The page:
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Welch, Rooney Demand Regulator Scrutiny of $74 Billion Celgene, Bristol-Meyers Squibb Merger

January 14, 2019
Press Release

WASHINGTON – Reps. Peter Welch (D-Vt.) and Francis Rooney (R-Fla.) sent a letter late Friday to federal regulators demanding scrutiny of the impact on consumers of the pending merger of two pharmaceutical giants, Celgene and Bristol-Myers Squibb.

Celgene has a history of anti-consumer actions. It tops the Food and Drug Administration list of manufacturers acting to slow the development of generic alternatives to brand named drug and has jacked up the price of cancer drug Revlimid while paying $280 million to settle a claim that it marketed Thalomid and Revlimid for unapproved uses.

Welch and Rooney urged in a letter to the Federal Trade Commission and the Department of Justice that regulatory scrutiny of the proposed merger examine the impact on consumers in two key areas:

“First,” the members wrote, “the market impact in the pharmaceutical industry of a merger that will further consolidate the industry to the detriment of competition; and, second, the likelihood that the $74 billion merger will significantly increase the prices consumers, taxpayers, and employers will be required to pay for prescription drugs after the merger, not for better medications, but to finance the merger itself.”

The letter concludes with a specific suggestion to protect consumers should the agencies approve the merger: 

“Should the FTC and DOJ allow a merger,” the members wrote, “it should be conditioned on a hold harmless provision assuring that it will not be paid for by consumers, taxpayers, or employers, but by shareholders: the ones who stand to benefit.”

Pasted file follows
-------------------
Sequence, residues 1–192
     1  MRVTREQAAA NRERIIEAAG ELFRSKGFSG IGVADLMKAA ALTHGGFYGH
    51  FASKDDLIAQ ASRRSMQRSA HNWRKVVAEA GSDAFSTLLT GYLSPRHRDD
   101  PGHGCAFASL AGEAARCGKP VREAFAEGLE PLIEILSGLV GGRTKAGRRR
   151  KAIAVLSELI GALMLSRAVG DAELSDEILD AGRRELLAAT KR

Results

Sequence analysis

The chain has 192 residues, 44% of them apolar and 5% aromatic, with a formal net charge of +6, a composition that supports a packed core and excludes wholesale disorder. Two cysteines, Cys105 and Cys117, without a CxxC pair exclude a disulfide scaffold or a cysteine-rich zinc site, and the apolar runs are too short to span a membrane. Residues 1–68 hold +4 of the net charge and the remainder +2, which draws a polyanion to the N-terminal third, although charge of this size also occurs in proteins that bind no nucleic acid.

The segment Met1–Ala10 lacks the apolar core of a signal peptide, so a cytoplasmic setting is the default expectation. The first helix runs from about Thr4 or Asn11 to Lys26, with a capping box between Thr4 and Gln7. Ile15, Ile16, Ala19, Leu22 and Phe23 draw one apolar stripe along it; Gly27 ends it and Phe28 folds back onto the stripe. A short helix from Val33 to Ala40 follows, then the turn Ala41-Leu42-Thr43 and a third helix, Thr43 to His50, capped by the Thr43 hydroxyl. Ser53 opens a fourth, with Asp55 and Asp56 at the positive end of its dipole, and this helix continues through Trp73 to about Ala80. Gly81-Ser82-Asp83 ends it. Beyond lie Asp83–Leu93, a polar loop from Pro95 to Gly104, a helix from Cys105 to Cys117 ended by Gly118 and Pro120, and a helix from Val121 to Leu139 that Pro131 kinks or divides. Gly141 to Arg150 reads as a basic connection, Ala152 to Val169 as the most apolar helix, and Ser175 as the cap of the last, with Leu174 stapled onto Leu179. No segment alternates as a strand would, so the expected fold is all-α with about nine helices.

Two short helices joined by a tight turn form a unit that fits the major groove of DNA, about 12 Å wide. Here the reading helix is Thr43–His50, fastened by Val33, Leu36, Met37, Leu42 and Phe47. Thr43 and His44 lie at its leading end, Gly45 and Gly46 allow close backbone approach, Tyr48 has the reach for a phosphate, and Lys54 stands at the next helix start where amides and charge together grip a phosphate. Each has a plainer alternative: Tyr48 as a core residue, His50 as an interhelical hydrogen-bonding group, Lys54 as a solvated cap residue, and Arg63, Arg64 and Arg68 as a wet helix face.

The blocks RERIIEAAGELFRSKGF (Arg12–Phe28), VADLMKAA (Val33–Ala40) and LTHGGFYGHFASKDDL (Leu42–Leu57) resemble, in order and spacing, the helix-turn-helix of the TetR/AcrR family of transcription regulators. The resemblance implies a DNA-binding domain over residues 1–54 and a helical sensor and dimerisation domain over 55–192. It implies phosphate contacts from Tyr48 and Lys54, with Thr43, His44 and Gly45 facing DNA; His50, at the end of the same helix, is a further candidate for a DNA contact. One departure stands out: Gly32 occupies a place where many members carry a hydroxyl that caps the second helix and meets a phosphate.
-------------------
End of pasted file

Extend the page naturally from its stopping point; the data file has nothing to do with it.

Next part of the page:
The text of the letter follows:

Dear Chairman Simons and Acting Attorney General Whitaker:

We write to urge the Federal Trade Commission (FTC) and DOJ to examine carefully the proposed $74 billion merger between two pharmaceutical giants, Bristol-Myers Squibb and Celgene.

We suggest the agencies focus on two issues: First, the market impact in the pharmaceutical industry of a merger that will further consolidate the industry to the detriment of competition; and, second, the likelihood that the $74 billion merger will significantly increase the prices consumers, taxpayers, and employers will be required to pay for prescription drugs after the merger, not for better medications, but to finance the merger itself.

Impact on Competition:

The proposed Bristol-Myers Squibb acquisition of Celgene will be the largest ever acquisition in the pharmaceutical industry. The merger would diminish competition and reduce patient treatment options by giving the acquiring company, Bristol-Myers Squibb, access to several product lines that either compete with or complement its current cancer drugs, including Abraxane, Pomalyst, and Revlimid.

It would also give Bristol-Myers Squibb added leverage when negotiating placement of its drugs on formularies and what discounts it will provide. The larger the company, the more it can use ‘rebate walls’ to block formularies access to more affordable and or equally effective substitute products.

Impact on Consumer Prices:

In past mergers, the acquiring company has invariably increased the cost of prescription drugs—those in its portfolio and of the portfolio of the acquired company—to pay for the acquisition itself. For example, after Actavis acquired Allergan in 2015, the merged company proceeded to raise the price of its drugs four years in a row, most recently by an average of 9.5% on its entire portfolio, 75 drugs in all.  Subsequent to AbbVie acquiring Phamacyclics in 2015, it attempted to triple the price of Ibrutinib, one of the newly acquired cancer drugs. And most notably, immediately after acquiring Baxalta, Shire raised the price of its drug Oncaspar by $10,000. It should be shareholders, not consumers, taxpayers, and employers who pay for the merger.

Should the FTC and DOJ allow a merger, it should be conditioned on a hold harmless provision assuring that it will not be paid for by consumers, taxpayers, or employers, but by shareholders: the ones who stand to benefit. 

Thank you for your attention to this matter and we look forward to hearing back from you.

Sincerely,

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